My mother taught me to use her putty-colored electric Singer sewing machine when I was 4. The toy sewing machine she bought me didn’t work right, and being practical, she figured she might as well teach me to use her machine. In the years after, I learned well how to follow a pattern to construct a garment from yardage.
When I was in college, I would stitch up a dress or a pair of pants on my grandmother’s ancient, gold-embellished black electric Singer when she brought me home to Tipton, Ind. for the weekend. I had my own machine at my parent’s house in St. Louis—a Pfaff I’d bought at the PX in Belgium when I was in high school—but I missed having a machine, and was grateful for the use of that straight-stitch machine at Grandmére’s.
When my grandmother died, I inherited her machine. I rarely use it, but I’d have a hard time letting go of it.
I also own a non-electric sewing machine with a leather belt drive. Place both feet flat on the treadle, and drive the belt by pushing your toes down, then heels down toward the floor, over and over. Maybe it makes the most beautiful stitch because I have to work the hardest to make it happen.
After sewing clothes for myself (dresses, skirts, pants, winter coats), my husband (trousers, Hawaiian-style shirts, dress shirts) and my sons (overalls, t-shirts and Halloween costumes), not to mention a dozen or more bed quilts, I’d probably put a hundred thousand miles on the Pfaff. In the early 1990s, I replaced it with a gently used Bernina from Odegaards. I still own that machine, and it’s still my favorite (don’t tell the other machines), even though I acquired an industrial straight-stitch machine a few years later.
Sometime in the ’90s, I bought an overlock machine, hoping it would help make my garments look more professional. A couple of years ago, my mother gave me her Serger, so now I have a total of six sewing machines. Six machines feels excessive, but I wouldn’t be able to get rid of any of them at this point.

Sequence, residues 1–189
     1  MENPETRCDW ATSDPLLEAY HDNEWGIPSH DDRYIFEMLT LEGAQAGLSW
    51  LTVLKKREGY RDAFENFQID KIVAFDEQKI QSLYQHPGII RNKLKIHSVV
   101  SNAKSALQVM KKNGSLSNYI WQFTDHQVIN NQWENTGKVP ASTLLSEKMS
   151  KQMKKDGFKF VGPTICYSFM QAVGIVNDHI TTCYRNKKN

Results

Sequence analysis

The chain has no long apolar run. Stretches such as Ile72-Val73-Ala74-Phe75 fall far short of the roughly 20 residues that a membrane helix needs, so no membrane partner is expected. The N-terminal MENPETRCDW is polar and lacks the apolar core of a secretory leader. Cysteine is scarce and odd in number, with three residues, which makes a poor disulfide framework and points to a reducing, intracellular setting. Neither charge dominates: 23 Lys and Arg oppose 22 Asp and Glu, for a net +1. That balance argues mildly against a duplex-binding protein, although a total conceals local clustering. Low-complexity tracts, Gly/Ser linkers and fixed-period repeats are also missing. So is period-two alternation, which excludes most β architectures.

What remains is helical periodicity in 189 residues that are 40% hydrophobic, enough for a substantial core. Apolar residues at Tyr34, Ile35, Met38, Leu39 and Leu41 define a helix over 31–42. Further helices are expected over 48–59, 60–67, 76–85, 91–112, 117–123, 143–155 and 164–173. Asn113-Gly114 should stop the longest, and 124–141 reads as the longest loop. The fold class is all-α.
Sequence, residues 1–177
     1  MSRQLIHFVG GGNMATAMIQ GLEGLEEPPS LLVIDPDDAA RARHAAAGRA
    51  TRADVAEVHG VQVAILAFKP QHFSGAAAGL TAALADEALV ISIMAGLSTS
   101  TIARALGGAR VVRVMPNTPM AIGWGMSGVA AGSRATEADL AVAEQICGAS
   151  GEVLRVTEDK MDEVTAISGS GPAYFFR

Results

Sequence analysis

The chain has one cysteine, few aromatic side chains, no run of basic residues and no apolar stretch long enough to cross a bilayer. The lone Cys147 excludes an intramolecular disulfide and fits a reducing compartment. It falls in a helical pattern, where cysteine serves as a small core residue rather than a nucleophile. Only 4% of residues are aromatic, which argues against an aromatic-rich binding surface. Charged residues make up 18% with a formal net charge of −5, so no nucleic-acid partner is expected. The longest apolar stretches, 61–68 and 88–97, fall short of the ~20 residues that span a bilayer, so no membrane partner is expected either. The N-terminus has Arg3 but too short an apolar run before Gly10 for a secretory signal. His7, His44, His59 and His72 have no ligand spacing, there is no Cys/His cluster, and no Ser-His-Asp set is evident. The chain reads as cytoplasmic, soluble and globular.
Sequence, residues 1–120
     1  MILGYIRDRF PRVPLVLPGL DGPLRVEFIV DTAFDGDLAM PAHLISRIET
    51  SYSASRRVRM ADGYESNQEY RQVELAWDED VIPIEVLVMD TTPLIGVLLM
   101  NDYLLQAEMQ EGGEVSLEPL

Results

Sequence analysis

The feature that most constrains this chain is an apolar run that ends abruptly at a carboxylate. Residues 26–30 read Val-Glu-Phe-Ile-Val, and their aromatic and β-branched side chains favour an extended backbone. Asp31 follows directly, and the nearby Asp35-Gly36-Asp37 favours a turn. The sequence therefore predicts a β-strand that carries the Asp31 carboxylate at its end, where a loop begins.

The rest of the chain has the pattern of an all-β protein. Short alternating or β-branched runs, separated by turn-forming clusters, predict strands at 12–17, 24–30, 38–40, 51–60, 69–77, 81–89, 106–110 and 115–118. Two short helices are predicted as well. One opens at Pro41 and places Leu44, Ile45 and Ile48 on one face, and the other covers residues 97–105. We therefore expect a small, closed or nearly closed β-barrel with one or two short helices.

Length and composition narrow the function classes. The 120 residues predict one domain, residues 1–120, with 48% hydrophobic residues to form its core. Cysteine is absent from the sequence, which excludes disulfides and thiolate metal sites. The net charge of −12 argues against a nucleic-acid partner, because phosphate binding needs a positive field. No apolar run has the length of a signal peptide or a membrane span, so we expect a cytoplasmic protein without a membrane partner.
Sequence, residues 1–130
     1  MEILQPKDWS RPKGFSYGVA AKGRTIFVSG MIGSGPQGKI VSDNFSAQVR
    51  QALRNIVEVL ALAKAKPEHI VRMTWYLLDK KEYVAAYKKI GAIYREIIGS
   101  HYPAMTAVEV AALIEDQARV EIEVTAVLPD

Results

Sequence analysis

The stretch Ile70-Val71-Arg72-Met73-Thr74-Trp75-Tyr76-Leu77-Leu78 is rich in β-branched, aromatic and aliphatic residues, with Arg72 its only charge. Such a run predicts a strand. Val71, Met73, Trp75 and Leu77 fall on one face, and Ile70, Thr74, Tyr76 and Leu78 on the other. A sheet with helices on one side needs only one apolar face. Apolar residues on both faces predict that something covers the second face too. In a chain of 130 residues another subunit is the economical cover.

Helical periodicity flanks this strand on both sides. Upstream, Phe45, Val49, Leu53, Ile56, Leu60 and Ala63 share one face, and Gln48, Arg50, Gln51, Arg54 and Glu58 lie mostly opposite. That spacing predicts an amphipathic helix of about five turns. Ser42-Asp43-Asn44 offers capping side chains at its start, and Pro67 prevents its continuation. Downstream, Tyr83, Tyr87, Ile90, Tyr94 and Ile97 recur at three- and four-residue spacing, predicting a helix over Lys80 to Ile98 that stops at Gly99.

I’ve been sewing for more than 50 years, but fitting a pattern hasn’t always been my strongest skill. I could sew circles around anyone, but hated taking the time to match pattern to body. I could get close, but that wasn’t always adequate. Following a pattern was easy, but adapting and adjusting was harder: forging your own path requires being comfortable with uncertainty.
So around 1995, when my boys started insisting on store-bought clothes, I stopped making garments. Clothing construction no longer felt compelling anyway.
But now that I’m working on a new project that necessitates these skills, I’ve been catching up on fit and pattern-making concepts, via Youtube. With fresh (but aging) eyes, I’m relieved to learn that fit isn’t rocket science: it’s engineering.
My friend Wendy and I talked a few weeks ago about ebb and flow, and what that means for our careers. We mostly agreed: sometimes you’re on top, and sometimes not. But that has practically nothing to do with what we’re currently doing or interested in. Mostly it simply means that the world is paying attention to something else. And that requires us to redefine ebb and flow for ourselves.
Flow is a trip down a sunlit path, where the next step is apparent, and the end is in sight. Flow is the sensation that the outcome will be “right,” whatever that outcome is. Flow is smooth sailing on clear, calm water in a sea-worthy craft. Or rough sailing with the skills and tools to handle whatever rough weather comes along.
In my creative process, ebb is not the opposite of flow. It’s a rest, not an undoing. It’s certainly not a shaky place. Ebb is thinking. Ebb is noticing and processing. It’s paying attention and preparing to take action. Ebb is coming to grips with a creative problem, and letting the universe work on it without me for a while.
It’s a lot like an exercise that I do sometimes: I stand on a flat platform with an inflated surface underneath to give my core and balance muscles a workout. To stay upright requires that I stabilize between two (or 100) different planes. I travel from fugue state to being utterly present. I place both feet on the uneven surface of my life, using every one of my tiny muscles to stay upright. And even when I fall, I know there are zones of goodness on the floor. Sometimes I have to crawl to get where I’m going.